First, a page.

“Not Rahm.” “Anybody But Rahm.” “Any Alderman Who Is Not A Stooge For Rahm.” Those were the clear victors in the Feb. 24 municipal election.
Chicago’s heretofore esteemed mayor, Rahm Emanuel, has been absolutely, totally, completely humiliated. His gargantuan ego has shriveled. The scope and size of his rejection is breathtaking.
Chicago has 1,421,430 registered voters and a population of 2,695,598. On Feb. 24 in the nonpartisan mayoral election, 472,126 people voted. The mayor, against four lackluster, underfunded opponents — Chuy Garcia, Bob Fioretti, Willie Wilson and Dock Walls — managed to garner 214,988 votes (45.5 percent of the total cast), after having spent almost $30 million. His combined opponents’ vote was 257,158, 42,170 more than his vote.
Consider the enormity of Emanuel’s rejection: 79.9 percent of Chicago’s eligible voters either didn’t vote or didn’t vote for him.… Continue Reading
Illinois has a history of passing controversial legislation such as tax hikes during the last few hours before a new General Assembly is sworn in.
There’s two obvious reasons leadership uses this tactic: 1. Those members who were not re-elected are able to make votes for which they won’t be accountable to their districts, and 2. When the calendar moves into January, legislation no longer needs super majorities to pass, they go back to requiring simple majorities for bill passage.
Wednesday, House GOP Leader Jim Durkin filed legislation asking voters to put an end to lame duck sessions of the Illinois General Assembly by moving up the date of inauguration. House Joint Resolution Constitutional Amendment 30 would require future outgoing to General Assemblies to conclude their work before Election Day.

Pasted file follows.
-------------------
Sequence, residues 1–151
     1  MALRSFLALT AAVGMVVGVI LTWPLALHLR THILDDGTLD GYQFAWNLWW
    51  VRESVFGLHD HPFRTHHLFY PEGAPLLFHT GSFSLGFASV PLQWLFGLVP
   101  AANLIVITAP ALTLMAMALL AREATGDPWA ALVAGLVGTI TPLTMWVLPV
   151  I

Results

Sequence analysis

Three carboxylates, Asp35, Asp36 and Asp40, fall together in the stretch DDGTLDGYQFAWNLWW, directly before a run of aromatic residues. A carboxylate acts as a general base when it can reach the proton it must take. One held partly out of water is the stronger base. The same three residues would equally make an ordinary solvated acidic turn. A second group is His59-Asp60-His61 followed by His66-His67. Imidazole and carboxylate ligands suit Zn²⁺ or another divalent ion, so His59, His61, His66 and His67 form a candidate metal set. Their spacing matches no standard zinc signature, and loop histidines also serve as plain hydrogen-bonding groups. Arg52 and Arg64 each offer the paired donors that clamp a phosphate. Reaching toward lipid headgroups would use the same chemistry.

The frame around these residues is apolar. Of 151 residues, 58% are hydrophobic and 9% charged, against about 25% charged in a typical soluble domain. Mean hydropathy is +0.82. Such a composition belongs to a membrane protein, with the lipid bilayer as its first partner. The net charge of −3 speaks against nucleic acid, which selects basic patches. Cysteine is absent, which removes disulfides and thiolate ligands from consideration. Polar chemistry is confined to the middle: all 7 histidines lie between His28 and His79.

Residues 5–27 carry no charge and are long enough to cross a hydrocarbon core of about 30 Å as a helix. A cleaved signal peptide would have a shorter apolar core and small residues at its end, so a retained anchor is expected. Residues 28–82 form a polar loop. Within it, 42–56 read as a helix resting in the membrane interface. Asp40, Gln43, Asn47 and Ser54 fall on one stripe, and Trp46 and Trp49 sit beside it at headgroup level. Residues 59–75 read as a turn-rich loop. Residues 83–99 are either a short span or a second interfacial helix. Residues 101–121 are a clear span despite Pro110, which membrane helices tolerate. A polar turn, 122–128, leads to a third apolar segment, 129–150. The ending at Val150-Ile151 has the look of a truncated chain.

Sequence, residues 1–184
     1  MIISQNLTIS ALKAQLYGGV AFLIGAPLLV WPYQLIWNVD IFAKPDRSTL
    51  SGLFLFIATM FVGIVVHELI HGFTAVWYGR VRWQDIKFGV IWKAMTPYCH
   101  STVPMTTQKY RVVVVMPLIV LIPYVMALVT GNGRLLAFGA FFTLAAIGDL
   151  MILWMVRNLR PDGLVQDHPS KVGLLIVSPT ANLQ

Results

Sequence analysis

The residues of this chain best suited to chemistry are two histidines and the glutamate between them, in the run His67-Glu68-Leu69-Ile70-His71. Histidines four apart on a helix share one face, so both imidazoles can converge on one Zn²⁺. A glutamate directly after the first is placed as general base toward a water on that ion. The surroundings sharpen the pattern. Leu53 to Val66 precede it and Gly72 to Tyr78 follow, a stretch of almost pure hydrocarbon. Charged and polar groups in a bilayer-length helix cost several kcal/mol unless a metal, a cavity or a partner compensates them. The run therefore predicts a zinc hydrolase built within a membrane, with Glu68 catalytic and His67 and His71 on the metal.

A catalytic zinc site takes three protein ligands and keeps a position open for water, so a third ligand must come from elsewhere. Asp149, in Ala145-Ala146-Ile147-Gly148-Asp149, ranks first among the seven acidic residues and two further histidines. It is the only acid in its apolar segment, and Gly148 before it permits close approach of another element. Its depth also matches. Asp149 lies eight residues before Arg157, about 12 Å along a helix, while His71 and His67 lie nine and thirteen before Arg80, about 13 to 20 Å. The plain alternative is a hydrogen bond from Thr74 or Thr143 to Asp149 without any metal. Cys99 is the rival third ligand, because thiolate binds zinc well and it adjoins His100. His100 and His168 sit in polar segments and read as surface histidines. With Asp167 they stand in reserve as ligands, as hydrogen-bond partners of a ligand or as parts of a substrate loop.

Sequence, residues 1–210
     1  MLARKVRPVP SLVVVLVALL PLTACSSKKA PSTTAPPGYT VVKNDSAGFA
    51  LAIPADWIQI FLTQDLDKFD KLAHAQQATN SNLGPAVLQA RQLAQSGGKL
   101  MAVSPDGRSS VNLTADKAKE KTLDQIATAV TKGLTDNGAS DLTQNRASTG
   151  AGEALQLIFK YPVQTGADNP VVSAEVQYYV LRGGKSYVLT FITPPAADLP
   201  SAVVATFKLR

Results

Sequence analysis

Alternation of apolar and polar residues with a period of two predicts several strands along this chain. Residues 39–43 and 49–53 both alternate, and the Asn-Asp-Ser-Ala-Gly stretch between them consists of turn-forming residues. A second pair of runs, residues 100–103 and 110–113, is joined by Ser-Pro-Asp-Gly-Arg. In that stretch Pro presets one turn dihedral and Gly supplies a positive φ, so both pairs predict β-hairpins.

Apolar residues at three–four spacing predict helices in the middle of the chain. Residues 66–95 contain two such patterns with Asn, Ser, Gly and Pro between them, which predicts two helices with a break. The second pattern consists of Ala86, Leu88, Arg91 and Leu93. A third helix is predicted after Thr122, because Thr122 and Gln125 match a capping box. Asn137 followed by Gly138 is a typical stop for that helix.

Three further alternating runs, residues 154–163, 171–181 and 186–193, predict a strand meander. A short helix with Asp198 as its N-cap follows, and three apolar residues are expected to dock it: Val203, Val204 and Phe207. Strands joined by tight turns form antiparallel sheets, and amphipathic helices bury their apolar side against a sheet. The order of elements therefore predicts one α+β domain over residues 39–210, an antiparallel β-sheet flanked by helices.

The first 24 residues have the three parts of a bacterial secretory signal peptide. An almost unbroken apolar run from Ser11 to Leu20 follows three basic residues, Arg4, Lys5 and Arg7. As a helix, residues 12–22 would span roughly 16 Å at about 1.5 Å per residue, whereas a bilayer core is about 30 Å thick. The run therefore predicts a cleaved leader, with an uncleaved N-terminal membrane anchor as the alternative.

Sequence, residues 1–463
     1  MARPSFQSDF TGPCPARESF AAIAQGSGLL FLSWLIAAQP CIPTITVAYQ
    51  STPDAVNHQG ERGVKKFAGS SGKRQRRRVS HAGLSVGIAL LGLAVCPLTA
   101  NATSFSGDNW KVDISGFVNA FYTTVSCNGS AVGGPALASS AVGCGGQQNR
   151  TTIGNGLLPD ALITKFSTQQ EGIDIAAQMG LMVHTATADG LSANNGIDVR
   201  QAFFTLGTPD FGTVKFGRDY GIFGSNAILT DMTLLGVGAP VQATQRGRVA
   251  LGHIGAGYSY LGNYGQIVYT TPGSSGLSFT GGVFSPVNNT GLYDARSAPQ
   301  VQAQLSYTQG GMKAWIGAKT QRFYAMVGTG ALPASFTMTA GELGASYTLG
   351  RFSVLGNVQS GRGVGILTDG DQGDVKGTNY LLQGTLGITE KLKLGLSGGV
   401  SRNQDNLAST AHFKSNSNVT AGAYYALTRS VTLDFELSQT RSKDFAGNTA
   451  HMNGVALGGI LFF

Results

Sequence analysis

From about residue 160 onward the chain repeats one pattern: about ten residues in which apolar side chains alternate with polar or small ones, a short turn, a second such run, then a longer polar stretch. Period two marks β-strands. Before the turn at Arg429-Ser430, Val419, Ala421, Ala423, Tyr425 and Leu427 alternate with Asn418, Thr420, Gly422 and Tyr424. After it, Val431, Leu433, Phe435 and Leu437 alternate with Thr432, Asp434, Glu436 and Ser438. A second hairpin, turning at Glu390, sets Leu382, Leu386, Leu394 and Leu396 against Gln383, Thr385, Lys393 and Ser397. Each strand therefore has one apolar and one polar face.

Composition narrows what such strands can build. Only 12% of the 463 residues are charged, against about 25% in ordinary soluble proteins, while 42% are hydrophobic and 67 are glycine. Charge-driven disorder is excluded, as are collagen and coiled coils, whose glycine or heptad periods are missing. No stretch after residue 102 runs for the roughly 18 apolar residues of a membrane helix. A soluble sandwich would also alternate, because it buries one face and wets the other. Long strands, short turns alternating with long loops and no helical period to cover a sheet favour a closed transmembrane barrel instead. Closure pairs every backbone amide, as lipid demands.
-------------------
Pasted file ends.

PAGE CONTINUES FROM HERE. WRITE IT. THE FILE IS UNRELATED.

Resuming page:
Former Republican congressman and conservative radio host Joe Walsh says he’s “seriously looking into” a primary challenge to U.S. Sen. Mark Kirk next year. He told Illinois Review he will decide within the next two months.
Citing Kirk’s lack of support for Jim Oberweis’ 2014 challenge to Dick Durbin, Walsh told the Daily Herald: “As far as I’m concerned, he [Kirk] left the Republican Party.”
The usual political pontificators speculate that Walsh is merely looking to boost ratings, and will ultimately not run. “It’s about him and promoting himself and promoting his positions. He’s just not viable,” said former professor Kent Redfield.
Kirk, who is a top Democrat target in 2016, suffered a stroke in 2012, which has left him with slurred speech, difficulty concentrating, and bound to a wheelchair much of the time.… Continue Reading
Will conservative voters be looking for someone with previous political experience to head the GOP presidential ticket in 2016 – or will they be looking for a fresh face?
In a recent compilation of polls by RealClearPolitics, Jeb Bush – the former Florida governor – continues to be the front runner, with almost 16 and half percent of Republican respondents. But several polls, including one in New Hampshire and one in Iowa, had Bush trailing Wisconsin Governor Scott Walker, who has substantial momentum coming out his re-election in November.
Tom Pauken is a former chairman of the Republican Party of Texas. He believes Walker is one of several possible candidates who should provide Bush with formidable competition for the GOP nomination. In fact, he doesn’t think the former Florida governor is really all that popular with many Republicans.… Continue Reading